By Deena Winter | Nebraska Watchdog
LINCOLN, Neb. – Lincoln Mayor Chris Beutler may ask Lincolnites to increase the city sales tax rate during the November general election and perhaps lower the property or wheel tax rates in exchange.
There’s been buzz around Lincoln about the possibility of putting a half-cent sales tax increase on the ballot to fund infrastructure and safety, and on Monday the Beutler administration acknowledged the possibility of a November vote. The mayor floated the idea of a tax increase at a recent neighborhood meeting in University Place.
Mayor Chris Beutler
His chief of staff, Rick Hoppe, said in an email response to an inquiry about Beutler’s recent comments that he is considering asking the Lincoln City Council to schedule an election for a sales tax increase. The city sales tax could go up a quarter- to half-cent under state law, and at least 85 percent of the money would have to be used for infrastructure.
“The city is not investing enough in new road construction and rehabilitation and maintenance of existing roads,” Hoppe wrote. “We are talking with groups across the community to determine if a need exists and whether a sales tax increase would be an acceptable means of solving our community’s infrastructure challenges.”
In 2012, lawmakers passed legislation allowing cities to increase their sales tax rates up to a half-cent. Under the law, cities can increase sales tax rates a half-cent, up to a maximum of 2 cents on the dollar (7.5 cents total, including the state sales tax), with the approval of a super-majority of the local governing board and a vote of the people.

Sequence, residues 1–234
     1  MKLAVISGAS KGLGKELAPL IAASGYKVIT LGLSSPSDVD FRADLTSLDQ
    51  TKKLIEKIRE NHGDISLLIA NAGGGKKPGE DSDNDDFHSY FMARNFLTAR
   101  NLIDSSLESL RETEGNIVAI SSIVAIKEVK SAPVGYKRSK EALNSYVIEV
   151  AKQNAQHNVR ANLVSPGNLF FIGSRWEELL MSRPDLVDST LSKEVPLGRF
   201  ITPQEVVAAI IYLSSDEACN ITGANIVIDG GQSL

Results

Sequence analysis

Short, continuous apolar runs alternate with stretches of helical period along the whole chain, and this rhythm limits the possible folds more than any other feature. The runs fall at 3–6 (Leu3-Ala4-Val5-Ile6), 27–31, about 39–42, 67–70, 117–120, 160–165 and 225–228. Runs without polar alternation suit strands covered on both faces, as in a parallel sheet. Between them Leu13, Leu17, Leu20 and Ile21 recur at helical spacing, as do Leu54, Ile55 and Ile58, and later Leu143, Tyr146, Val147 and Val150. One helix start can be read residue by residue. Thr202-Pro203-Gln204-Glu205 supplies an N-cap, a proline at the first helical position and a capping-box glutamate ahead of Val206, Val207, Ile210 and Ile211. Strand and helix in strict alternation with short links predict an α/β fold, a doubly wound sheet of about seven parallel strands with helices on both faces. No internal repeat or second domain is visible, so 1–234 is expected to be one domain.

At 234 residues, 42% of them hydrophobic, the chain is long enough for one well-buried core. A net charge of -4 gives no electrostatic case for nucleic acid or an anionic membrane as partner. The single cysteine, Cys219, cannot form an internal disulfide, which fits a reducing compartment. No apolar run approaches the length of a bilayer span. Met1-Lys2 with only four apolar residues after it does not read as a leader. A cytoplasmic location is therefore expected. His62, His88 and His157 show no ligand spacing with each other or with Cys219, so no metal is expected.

The powerful and filibuster-prone Omaha Sen. Ernie Chambers tried in vain last session to get the law repealed, saying sales taxes are regressive and most hurt poor people.
Hoppe said the Beutler administration strongly believes any proposal put before voters must represent a “fairly solid public consensus on the need and the items funded.”
“If that consensus cannot be achieved, I doubt whether we will put the proposal up for a vote,” he said.
He also said the mayor feels strongly that if he proceeds with a sales tax increase vote, other taxes should be reduced as part of the package
“The sales tax is a much broader based tax than the property tax or the wheel tax,” Hoppe said. “For instance, those people who live outside the city limits but drive our roads every day do not pay the wheel tax. Substituting a sales tax for some portion of the property tax and/or wheel tax could be a fairer way of paying for our streets.”
But he said nothing has been decided and a “long public discussion” will occur before a decision is made.
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